At its base level, this is a story of Clarice Starling vs. Buffalo Bill. But long before the start of this film and all the way through its final confrontation, this is about Jame Gumb against the world. Short of the climax of the film, Jame is completely removed from the rest of the characters and story. They live in their dilapidated house carrying out their demented tasks while being completely unaware of the characters we follow for the rest of the movie. They exist, removed from character interactions and society, because they were put there.

In most circles, trans people are social pariahs. I have personally seen and experienced this, even within the LGBTQ+ community as gay men and lesbians have made claims that they could get more rights and acceptance from straight people if trans people weren’t included. Sentiments like “It’s not even a sexuality. Why are they here?” echoing before and in the decades since Silence of the Lambs was released.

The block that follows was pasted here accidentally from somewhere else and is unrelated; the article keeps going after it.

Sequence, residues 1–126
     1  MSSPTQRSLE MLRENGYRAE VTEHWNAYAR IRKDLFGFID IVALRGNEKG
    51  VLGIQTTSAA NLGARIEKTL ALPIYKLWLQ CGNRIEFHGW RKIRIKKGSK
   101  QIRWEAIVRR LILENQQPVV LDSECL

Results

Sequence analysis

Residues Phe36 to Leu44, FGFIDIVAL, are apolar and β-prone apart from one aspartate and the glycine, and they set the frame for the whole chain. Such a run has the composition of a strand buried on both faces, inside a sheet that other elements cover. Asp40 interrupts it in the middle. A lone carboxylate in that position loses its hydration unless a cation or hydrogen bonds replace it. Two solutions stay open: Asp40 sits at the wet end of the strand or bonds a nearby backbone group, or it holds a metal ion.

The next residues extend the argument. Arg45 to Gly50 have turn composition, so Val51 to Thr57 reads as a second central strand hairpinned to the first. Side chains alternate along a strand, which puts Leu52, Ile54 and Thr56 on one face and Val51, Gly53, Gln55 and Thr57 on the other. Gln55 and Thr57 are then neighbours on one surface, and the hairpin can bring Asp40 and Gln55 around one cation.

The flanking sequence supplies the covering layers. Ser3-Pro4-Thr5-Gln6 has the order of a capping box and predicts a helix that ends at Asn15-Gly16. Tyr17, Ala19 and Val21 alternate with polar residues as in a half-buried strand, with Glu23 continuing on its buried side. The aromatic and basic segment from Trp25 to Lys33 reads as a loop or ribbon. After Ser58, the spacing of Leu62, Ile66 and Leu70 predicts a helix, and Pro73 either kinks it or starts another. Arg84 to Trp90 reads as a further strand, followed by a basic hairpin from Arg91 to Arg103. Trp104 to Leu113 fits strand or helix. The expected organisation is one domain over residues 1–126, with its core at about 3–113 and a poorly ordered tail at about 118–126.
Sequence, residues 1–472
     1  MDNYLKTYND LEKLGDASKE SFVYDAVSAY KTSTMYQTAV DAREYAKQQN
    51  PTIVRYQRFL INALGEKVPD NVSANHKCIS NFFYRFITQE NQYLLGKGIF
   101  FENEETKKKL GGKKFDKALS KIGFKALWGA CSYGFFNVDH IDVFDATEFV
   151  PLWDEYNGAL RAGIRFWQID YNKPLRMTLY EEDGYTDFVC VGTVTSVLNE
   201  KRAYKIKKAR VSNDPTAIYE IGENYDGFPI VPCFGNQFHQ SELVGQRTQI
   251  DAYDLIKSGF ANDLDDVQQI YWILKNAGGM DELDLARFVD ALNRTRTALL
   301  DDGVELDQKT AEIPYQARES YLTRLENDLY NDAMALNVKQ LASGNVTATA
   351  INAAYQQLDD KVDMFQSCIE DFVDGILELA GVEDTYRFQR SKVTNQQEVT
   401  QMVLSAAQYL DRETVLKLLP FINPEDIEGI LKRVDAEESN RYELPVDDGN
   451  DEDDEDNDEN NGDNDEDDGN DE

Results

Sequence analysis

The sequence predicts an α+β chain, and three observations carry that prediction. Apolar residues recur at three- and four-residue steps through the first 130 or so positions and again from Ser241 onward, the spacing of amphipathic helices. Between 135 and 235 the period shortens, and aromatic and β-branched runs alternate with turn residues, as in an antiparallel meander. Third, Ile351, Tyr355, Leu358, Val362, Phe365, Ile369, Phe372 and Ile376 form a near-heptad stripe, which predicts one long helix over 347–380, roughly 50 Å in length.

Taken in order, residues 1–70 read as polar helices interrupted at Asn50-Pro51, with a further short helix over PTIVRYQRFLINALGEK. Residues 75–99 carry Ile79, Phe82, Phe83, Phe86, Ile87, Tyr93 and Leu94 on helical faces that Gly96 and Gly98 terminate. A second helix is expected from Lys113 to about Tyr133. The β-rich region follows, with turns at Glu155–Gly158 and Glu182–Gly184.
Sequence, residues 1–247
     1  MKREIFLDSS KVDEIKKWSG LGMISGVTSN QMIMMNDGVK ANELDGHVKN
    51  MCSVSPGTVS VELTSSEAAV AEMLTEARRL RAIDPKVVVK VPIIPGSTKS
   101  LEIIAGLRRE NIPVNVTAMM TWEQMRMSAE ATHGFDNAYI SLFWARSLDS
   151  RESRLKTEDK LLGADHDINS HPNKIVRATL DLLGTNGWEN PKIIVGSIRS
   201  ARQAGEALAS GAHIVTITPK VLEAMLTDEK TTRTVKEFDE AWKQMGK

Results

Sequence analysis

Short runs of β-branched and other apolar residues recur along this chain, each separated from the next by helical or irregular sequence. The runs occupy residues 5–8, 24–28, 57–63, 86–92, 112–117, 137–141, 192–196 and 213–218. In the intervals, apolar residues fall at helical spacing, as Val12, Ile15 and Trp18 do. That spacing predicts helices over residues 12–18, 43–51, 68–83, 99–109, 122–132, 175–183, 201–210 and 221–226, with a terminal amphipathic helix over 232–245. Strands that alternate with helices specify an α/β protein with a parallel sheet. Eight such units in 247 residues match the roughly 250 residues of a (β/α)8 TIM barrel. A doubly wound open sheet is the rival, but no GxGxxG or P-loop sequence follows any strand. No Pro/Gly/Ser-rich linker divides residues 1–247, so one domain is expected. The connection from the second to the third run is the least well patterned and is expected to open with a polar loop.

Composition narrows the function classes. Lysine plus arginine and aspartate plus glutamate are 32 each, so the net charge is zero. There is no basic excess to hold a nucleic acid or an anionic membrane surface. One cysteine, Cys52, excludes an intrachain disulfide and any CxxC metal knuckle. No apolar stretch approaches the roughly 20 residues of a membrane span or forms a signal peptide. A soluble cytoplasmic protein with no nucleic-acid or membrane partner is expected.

I can’t help but see the irony of Clarice and Lecter, two characters that are heavily implied to be queer themselves, being set against Jame. Lecter selfishly wants better, classier accommodations and Clarice is trying to fit in with straight, male cops.

Dr. Lecter might be wrong about Bill not being trans but he is definitely right about them being made. Severely traumatized as a child, failed by the medical community, and left to fend for themself for their entire life, Jame Gumb is a product of a system that has punished and discarded them to the point where even their community wants nothing to do with them. Honestly, I hate that I have to defend their inclusion in the trans community because of who they are and the fear-mongering scapegoat they have been used as.